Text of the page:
So, celebrating bravos not only boosts team morale, but it also helps the team identify what’s working and what they should continue.
And identifying woes is important for the opposite reason; it allows teams to identify what’s not working—both on an individual or team level and with the actual work the team is producing—and make the necessary changes to improve moving forward
“It's almost always the negative feedback that allows us to improve; that's just as true for process improvement as it is for creative work,” says Fryrear. “Nothing is ever 100% perfect, and pretending like it is hides opportunities for optimization.”
How To Effectively Celebrate Wins And Identify Failures Within The Agile Framework (And Beyond)
Clearly, celebrating wins and losses is a must for successful agile teams. But woes and bravos aren’t agile exclusive; you can reap the benefits regardless of whether your team is familiar with agile processes or not.
So, the question is, how can you incorporate woes and bravos into your business processes,—and make sure you’re celebrating successes and acknowledging challenges in a way that improves your processes, your team, and your productivity?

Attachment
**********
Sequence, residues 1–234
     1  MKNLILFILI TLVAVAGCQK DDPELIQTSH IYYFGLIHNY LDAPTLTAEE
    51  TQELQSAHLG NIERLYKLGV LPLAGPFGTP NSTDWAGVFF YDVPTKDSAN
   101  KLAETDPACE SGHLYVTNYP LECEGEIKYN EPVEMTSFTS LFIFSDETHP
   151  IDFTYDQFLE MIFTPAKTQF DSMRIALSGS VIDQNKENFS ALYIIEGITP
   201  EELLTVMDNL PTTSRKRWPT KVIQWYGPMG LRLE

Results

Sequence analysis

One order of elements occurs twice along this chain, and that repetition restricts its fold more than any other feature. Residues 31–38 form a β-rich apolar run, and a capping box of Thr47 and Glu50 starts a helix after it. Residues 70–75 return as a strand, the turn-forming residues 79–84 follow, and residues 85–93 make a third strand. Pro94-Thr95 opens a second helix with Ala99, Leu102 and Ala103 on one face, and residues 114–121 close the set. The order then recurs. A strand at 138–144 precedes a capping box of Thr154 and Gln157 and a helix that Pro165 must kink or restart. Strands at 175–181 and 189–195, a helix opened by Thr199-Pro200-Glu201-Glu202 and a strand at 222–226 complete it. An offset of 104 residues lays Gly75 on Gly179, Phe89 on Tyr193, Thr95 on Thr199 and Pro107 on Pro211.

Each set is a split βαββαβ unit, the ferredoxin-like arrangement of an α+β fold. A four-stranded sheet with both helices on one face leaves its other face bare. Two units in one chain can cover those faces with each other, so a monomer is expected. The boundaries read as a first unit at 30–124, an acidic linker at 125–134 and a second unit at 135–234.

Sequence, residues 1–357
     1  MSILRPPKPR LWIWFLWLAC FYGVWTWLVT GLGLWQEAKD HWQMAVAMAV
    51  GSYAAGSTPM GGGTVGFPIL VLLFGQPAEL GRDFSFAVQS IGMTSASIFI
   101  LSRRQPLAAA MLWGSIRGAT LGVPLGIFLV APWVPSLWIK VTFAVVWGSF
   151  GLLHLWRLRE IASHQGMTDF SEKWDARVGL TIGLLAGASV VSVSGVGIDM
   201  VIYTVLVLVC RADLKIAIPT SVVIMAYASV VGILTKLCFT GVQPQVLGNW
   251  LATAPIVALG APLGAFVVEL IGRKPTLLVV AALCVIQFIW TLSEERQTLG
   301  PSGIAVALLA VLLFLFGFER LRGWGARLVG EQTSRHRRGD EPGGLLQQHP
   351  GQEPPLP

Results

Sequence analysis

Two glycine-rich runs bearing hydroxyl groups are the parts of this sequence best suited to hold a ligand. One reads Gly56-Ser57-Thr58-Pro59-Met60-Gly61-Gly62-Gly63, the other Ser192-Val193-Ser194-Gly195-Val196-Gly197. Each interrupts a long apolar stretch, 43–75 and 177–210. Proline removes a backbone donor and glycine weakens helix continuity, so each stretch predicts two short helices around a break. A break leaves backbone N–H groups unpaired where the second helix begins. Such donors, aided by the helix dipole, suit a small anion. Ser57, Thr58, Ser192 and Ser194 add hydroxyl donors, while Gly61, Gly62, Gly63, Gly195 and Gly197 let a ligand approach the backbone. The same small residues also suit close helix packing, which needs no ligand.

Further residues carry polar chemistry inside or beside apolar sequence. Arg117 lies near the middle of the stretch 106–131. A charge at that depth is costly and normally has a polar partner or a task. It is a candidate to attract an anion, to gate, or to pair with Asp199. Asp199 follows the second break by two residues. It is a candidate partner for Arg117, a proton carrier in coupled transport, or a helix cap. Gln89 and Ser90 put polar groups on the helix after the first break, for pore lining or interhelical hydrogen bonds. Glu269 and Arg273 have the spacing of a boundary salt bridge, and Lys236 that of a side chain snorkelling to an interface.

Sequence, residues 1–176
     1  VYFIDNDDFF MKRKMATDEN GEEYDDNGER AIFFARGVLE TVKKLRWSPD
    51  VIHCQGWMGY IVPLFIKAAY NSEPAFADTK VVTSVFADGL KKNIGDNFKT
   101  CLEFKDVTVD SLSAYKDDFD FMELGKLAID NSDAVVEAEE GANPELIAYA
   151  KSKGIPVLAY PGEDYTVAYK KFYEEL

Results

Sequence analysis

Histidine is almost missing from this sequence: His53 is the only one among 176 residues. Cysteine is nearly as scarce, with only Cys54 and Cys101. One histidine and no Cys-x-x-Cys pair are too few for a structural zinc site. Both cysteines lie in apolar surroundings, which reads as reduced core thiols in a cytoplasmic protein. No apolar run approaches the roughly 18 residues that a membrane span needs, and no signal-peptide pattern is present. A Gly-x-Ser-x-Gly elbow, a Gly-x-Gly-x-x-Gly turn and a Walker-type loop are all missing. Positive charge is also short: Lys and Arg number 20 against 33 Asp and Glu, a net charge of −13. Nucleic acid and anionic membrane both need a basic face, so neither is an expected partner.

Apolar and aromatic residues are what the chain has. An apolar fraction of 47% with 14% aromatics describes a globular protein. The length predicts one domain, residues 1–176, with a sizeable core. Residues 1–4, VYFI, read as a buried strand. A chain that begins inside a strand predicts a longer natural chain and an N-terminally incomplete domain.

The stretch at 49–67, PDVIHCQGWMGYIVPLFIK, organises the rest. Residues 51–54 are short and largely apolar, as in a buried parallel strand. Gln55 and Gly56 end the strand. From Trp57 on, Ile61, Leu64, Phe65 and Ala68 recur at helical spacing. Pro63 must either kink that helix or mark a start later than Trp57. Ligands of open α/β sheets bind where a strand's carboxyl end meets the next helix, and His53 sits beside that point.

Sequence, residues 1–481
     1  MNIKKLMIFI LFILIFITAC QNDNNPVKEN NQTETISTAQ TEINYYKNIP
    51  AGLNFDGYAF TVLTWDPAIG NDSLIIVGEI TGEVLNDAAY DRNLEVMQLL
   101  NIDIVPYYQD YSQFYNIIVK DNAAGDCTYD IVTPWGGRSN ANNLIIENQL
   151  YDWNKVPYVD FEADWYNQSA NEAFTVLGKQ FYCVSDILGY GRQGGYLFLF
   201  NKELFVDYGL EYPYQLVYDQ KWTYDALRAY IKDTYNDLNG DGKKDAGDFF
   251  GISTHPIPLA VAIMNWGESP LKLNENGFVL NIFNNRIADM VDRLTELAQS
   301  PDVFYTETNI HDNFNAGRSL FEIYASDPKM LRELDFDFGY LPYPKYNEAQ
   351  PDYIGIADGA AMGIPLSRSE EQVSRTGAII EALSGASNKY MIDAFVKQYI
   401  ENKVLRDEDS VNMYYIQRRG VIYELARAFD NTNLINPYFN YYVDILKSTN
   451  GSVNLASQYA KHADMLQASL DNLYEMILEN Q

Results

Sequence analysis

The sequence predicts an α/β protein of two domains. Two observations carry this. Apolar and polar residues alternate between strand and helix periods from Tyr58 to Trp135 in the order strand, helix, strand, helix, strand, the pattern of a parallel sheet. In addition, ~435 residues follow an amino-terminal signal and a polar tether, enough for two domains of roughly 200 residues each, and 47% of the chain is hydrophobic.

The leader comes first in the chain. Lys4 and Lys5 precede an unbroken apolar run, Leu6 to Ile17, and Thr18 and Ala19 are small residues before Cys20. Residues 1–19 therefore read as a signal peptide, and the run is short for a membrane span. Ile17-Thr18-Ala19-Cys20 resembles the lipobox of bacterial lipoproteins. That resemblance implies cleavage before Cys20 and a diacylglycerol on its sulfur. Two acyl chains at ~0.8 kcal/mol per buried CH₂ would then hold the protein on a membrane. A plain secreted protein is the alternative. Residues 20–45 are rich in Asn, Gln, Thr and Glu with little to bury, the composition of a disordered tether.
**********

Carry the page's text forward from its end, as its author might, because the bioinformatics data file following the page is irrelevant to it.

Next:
1. Create A Safe Space For Feedback
You can’t make woes and bravos a part of your team’s culture if they don’t feel comfortable sharing feedback—which is why the first step of incorporating woes and bravos into agile is creating the kind of environment where feedback of all types is welcomed and encouraged.
“Agile is about building a high-performing team with a sustainable culture,” says McShane. “[And a big part of that is] this ability for a team to be vulnerable with each other without fear of repercussion.”
Whether your team feels comfortable with that vulnerability comes down to a concept called psychological safety, which allows team members to take risks and make mistakes without the fear of being punished, shamed, or ostracized. A two-year study from Google found that psychological safety is a key element of high performing teams—and creating that sense of safety is a must if you want to roll out woes and bravos to your team (and reap the benefits in the process).
There are a few different ways you can create psychological safety within your team, including: